Major Western airlines halt flights to Israel amid Gaza strikes

Prominent airlines from the United States and Europe suspended flights to Israel amid ongoing Israeli strikes targeting the Gaza Strip and retaliatory missile launches by Palestinian groups.

British Airways, Virgin Atlantic and Iberia joined U.S.-based carriers United Airlines, Delta Air Lines and American Airlines in cancelling flights to Tel Aviv, late Wednesday and Thursday.

“The safety and security of our colleagues and customers is always our top priority, and we continue to monitor the situation closely,” British Airways said after cancelling its flights to and from Tel Aviv Thursday.

U.K.-based Virgin Atlantic cancelled a flight there late on Wednesday and said it was reviewing whether to operate its Thursday evening flight. Spanish airline Iberia also cancelled its flight to Tel Aviv from Madrid Thursday and back on Friday, a spokesperson said, while Germany’s Lufthansa also cancelled its flights.

“Due to the current situation in Israel, Lufthansa is suspending its flights to Tel Aviv until Friday, May 14,” the German flag carrier said.

Wizz Air said it had delayed its Thursday flight from Abu Dhabi to Tel Aviv until Friday. Emirati carrier Fly Dubai said it was continuing to operate daily flights from Dubai to Tel Aviv. The airline was scheduled to operate three flights on Thursday, its website showed, while a fourth night-time flight was cancelled.

Virgin Atlantic had said earlier this week that bookings to Israel had soared 250% week on week after an announcement by Britain that Israel was on its “green list” for the reopening of overseas leisure travel during the COVID-19 pandemic.

British airline easyJet said that it was not yet cancelling its flights to Tel Aviv. Its next flight there is from Berlin and not scheduled until May 16, with a service from London Luton to Tel Aviv scheduled for May 18.

“We will, of course, continue to monitor the situation,” an easyJet spokesperson said.

United Airlines said it had cancelled flights from Chicago and Newark, New Jersey to Tel Aviv on Tuesday and flights from San Francisco and Newark Wednesday.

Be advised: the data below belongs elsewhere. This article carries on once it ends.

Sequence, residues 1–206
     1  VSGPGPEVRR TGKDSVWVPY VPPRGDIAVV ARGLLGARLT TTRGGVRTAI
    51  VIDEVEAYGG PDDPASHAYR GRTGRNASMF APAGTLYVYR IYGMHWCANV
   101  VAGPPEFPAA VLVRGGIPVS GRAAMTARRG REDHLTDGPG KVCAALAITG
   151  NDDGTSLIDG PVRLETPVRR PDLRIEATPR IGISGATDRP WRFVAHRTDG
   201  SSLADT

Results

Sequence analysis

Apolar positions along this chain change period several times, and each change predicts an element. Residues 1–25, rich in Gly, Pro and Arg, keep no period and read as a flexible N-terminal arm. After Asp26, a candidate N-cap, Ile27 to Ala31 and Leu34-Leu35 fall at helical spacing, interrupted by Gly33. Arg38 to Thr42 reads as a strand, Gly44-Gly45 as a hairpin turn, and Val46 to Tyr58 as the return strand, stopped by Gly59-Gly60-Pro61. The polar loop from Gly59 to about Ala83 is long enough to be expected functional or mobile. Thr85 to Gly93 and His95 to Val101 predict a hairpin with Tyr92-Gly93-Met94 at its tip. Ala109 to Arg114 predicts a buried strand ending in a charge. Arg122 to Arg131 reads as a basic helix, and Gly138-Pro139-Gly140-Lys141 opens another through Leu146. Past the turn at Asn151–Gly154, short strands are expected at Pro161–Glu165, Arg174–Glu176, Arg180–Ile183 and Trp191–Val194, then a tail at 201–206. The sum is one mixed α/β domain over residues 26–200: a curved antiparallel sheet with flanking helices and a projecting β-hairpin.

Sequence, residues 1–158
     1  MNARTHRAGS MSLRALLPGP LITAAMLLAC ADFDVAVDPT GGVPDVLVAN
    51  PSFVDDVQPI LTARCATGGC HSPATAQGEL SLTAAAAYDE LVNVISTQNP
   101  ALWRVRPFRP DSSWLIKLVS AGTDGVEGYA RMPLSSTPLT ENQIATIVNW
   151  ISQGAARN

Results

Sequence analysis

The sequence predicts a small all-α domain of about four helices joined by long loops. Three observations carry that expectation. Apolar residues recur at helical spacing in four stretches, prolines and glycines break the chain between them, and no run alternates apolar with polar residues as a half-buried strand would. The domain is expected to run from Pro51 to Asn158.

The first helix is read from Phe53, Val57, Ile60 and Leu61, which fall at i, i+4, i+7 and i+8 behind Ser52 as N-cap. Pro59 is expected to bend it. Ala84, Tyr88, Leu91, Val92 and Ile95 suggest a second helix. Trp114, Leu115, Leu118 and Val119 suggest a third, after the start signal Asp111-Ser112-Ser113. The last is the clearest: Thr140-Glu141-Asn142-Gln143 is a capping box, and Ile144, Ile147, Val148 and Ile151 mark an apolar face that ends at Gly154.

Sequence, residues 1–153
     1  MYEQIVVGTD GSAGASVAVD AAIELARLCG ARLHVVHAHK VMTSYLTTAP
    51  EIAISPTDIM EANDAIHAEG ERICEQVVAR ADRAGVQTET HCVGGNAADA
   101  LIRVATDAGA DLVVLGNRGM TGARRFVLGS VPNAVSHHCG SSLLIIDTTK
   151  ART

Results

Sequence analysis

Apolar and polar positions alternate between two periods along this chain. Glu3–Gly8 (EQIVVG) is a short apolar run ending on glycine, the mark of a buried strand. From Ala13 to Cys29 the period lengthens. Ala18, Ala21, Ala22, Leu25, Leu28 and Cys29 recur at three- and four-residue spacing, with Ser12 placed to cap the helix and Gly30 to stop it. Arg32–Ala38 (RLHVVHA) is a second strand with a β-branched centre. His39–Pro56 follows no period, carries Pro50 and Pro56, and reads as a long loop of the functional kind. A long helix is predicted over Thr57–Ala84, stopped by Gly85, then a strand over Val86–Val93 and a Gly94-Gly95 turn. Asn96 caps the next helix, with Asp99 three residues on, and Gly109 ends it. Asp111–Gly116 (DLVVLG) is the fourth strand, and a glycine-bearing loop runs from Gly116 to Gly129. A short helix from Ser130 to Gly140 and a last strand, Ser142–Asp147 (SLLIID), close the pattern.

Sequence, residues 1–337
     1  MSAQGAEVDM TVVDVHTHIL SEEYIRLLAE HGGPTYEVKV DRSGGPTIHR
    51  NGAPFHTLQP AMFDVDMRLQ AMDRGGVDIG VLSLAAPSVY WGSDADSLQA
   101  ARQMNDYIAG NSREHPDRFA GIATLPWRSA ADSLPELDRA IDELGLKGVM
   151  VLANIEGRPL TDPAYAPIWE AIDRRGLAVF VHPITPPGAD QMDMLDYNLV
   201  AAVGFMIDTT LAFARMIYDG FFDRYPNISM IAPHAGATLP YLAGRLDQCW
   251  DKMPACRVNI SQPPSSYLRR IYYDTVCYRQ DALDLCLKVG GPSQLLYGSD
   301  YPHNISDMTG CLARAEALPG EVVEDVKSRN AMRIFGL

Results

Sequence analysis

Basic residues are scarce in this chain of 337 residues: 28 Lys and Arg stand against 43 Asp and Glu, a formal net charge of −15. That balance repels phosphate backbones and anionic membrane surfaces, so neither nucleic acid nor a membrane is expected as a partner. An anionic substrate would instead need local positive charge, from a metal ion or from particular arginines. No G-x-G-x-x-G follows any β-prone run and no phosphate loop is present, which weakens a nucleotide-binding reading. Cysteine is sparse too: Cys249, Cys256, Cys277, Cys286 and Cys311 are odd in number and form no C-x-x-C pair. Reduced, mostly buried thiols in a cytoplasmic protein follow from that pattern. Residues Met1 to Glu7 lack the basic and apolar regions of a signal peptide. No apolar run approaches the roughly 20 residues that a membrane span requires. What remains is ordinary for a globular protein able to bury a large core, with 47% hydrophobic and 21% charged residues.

“We have issued a travel waiver to allow customers to adjust their travel through May 25 and will continue to monitor the situation,” a United spokeswoman said.

A spokesperson for Delta, which flies to Tel Aviv from New York’s John F. Kennedy International (JFK) airport, said it has issued a travel wavier for flights between Tuesday and Thursday and has “no determination about resumption at this juncture.”

American Airlines, which also flies between Tel Aviv and JFK, said it had rebooked customers due to fly on Wednesday and Thursday on alternative flights, without providing details, and had issued a waiver for travel scheduled through May 25.

Israel on Monday briefly halted takeoffs from its main Ben Gurion Airport and diverted incoming flights after a Hamas rocket barrage on the Tel Aviv area. The country has a smaller airport in the south, called Ramon, designed to serve as a stop-gap should wartime threats force longer closures of Ben Gurion.

On Thursday, Hamas claimed that it fired a rocket to the airport near the Red Sea port city of Eilat, but an Israeli official speaking to Reuters denied this claim.

El Al Israel Airlines said earlier on Wednesday it stood ready to operate extra flights as required “to keep Israel’s skies open.” This could include special flights to repatriate Israelis stranded “in locations from which it is not possible to return home,” it said in a statement.

An explosion of violence, with fighting in Jerusalem and the Gaza Strip causing mounting civilian deaths, have made international airlines wary of the region. Tensions have been running high since an Israeli court last week ordered the eviction of Palestinian families from the Sheikh Jarrah neighbourhood of East Jerusalem. The West Bank, including East Jerusalem, is seen as occupied territory under international law, thus making all Jewish settlements there illegal.

Attacks by far-right Israeli groups and settlers targeting Muslims in East Jerusalem during the Islamic holy month of Ramadan, aided by Israeli security forces, led to violence in East Jerusalem and soon echoed in other parts of Palestinian territories.

Israel hit several targets in Gaza with the pretext of attacking militant groups, killing nearly 90 people and injuring hundreds in the process, mostly civilians. Palestinian groups in turn rained rockets into Israel, which hit civilian targets. The Israeli military said 1,500 rockets have been fired from Gaza toward locations in Israel in which six Israelis have been killed and dozens injured.

Numerous human rights groups have denounced Israeli policies against Arabs as a form of modern-day apartheid, with Arab-Israelis suffering racial discrimination in education, work and health care.

Israel occupied East Jerusalem during the 1967 Arab-Israeli war and annexed the entire city in 1980, in a move that has never been recognized by the international community.

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